Every year you see pitchers come out of nowhere to have phenomenal first halves of the season, or great ones surprisingly struggle. And for every Roger Clemens, there's a Jack Armstrong. The trick is to figure out when a pitcher's breakout is for real, or just a mirage.
Given that, here's some pitchers that could very easily slide one way or the other. Two of the biggest indicators that I usually look at are hit % (the percentage of balls in play that fall for hits), and strand % (the percentage of baserunners that fail to score). Generally, those numbers shouldn't slide too much past 30% and 70% respectively - if they do, you're looking at a potential correction. Hardball Times and Baseball Prospectus go way deeper into these, and about a million other statistical measures.
Justin Duchscherer (OAK) - 10-5, 1.78 ERA - 21 walks in 101 IP is nothing to sneeze at. But, you look at that 5.6 K/9 IP, and you look at that 21.6 H%, and you've got to figure that eventually, those balls that are hitting the bats will eventually fall for hits.
Gavin Floyd (CHW) - 10-5, 3.63 ERA - He might be the most likely of any MLB pitcher to regress. Hit % of 22.7, S% of 76.1, and a strikeout/walk ratio barely over 1.5. Plus, he's got no real history of success in the majors. Red flags everywhere with this kid.
Armando Galaragga (DET) - 7-3, 3.27 ERA - He kind of came out of nowhere to become the Tigers' stopper. But there's just nothing there to support these numbers. He's young, so the control could improve; right now he's just an average control pitcher with a lucky 76.5 S%.
Joe Saunders (LAA) - 12-5, 3.07 ERA , Scott Olsen (FLA) - 5-4, 3.77 ERA , Greg Smith (OAK) - 5-7, 3.43 ERA - All three have H% around 25, S% around 75, none have great control, and all three make Galaragga look like a flame thrower. All three are easily candidates to fall apart. Go ahead and throw Aaron Laffey (5-5, 3.45 ERA) in there as well.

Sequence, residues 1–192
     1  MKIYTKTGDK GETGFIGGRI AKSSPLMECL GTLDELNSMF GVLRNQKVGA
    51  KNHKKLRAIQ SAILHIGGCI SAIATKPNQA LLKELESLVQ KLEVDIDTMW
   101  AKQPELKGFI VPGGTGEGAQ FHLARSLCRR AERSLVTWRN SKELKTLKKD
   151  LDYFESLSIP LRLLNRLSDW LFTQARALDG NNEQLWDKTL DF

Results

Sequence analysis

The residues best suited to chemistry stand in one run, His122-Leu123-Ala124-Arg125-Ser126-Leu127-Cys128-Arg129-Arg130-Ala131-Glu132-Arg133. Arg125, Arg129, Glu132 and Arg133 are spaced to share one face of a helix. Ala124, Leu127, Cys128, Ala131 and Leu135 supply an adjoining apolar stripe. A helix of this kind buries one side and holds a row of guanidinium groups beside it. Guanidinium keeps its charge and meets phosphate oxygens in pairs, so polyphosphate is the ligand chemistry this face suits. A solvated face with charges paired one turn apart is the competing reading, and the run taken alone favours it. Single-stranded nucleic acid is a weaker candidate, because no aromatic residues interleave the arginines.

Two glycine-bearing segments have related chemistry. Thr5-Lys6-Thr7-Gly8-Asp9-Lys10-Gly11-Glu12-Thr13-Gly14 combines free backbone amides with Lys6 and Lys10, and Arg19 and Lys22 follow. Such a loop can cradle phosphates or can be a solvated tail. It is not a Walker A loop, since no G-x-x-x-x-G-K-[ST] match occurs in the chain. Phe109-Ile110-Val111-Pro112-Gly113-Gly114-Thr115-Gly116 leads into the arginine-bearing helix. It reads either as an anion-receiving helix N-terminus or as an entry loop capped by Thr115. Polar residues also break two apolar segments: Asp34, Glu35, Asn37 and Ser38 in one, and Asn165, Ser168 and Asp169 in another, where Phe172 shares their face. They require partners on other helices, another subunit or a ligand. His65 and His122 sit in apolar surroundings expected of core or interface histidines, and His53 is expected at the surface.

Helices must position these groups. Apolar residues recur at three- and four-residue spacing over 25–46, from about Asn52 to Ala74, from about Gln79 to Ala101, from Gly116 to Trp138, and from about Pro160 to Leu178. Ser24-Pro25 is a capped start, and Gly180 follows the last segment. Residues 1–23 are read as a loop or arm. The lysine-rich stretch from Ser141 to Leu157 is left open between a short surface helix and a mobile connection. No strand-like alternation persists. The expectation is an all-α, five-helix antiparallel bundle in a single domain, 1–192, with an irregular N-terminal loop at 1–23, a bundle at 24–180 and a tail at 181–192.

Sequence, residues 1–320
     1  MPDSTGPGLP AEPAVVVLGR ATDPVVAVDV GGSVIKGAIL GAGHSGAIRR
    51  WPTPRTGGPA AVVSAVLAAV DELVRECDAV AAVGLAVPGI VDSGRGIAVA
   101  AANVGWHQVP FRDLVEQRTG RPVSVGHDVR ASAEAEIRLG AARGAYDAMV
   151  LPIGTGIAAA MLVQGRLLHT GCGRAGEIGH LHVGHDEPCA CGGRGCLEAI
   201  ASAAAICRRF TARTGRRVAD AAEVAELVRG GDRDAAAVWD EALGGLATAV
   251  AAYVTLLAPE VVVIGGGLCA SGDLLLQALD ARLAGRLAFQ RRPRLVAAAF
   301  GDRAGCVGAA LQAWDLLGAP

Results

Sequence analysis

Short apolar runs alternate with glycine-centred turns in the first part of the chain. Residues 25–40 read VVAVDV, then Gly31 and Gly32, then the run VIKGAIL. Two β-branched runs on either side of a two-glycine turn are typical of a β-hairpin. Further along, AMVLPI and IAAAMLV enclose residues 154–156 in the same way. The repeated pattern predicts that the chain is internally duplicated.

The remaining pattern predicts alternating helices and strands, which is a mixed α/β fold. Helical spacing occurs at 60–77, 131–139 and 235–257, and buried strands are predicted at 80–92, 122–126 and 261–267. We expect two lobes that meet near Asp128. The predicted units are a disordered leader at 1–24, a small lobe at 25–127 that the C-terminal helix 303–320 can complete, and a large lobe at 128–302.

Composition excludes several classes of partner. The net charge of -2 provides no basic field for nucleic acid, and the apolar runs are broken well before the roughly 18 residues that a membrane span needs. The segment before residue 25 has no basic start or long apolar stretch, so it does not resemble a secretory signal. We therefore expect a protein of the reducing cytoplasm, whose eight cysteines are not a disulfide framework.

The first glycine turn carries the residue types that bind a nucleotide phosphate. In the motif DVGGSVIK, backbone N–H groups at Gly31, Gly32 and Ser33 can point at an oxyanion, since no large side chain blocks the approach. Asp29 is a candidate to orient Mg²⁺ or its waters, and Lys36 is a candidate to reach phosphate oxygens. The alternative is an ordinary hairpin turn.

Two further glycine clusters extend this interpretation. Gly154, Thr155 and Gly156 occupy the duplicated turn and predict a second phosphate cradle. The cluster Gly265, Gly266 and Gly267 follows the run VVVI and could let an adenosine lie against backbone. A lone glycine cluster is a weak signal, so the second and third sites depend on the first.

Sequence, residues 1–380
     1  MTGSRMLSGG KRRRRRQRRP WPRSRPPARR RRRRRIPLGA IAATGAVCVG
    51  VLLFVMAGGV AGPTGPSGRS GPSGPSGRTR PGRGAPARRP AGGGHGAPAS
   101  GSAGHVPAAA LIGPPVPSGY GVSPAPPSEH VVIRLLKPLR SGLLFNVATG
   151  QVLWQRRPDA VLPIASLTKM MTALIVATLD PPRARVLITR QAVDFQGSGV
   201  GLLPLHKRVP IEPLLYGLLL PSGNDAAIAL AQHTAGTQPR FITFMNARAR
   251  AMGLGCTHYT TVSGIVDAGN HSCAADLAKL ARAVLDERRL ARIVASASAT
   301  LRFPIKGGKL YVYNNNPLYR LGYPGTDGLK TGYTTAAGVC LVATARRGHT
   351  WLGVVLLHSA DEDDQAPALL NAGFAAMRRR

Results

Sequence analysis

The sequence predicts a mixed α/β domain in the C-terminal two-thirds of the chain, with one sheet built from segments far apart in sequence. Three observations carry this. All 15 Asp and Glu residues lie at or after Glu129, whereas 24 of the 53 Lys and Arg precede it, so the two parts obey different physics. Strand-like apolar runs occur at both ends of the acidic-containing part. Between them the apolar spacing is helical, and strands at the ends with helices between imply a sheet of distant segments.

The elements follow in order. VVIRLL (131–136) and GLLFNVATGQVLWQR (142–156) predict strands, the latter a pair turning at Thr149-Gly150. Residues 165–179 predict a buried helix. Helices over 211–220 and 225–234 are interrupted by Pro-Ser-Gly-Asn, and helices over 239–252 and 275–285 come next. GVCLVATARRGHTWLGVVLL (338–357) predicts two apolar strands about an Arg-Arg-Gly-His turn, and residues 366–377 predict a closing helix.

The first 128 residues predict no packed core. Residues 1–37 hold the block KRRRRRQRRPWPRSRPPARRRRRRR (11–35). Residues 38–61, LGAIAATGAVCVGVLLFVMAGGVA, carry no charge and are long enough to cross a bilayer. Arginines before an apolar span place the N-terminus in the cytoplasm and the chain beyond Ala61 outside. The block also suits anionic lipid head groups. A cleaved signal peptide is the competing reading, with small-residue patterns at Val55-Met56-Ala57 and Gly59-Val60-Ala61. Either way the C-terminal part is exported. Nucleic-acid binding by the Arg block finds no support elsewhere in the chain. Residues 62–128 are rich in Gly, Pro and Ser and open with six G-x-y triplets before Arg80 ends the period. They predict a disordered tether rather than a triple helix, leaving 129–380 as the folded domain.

And for some possible returns to form:
Bronson Arroyo (CIN) - 7-7, 5.97 ERA & Aaron Harang (CIN) - 3-11, 4.76 ERA - Inflated hit rates, together again! Both of them are throwing strikes (8.0 K/9 IP), both have very respectable control, and both have H% over 33. Good chance for a turnaround. There's one caveat though; the fact that these guys have high hit rates may be because the Reds defense stinks, so there may not be as big of a correction as expected.
Roy Oswalt (HOU) - 7-8, 4.56 ERA - He's not striking out batters at a huge rate, but he's still got a 3.4 K/BB ratio, and his hit rate is a little high. As consistent as he's been throughout his career, he could easily post big numbers in the 2nd half.
Javier Vazquez (CHW) - 7-7, 4.61 ERA - Javy's been throwing some serious heat this year (117 K's in 121 IP), but he's got an unlucky hit rate close to 34. He's one of those guys that just never goes away, so expect him to improve considerably.
Fantasy Baseball, MLB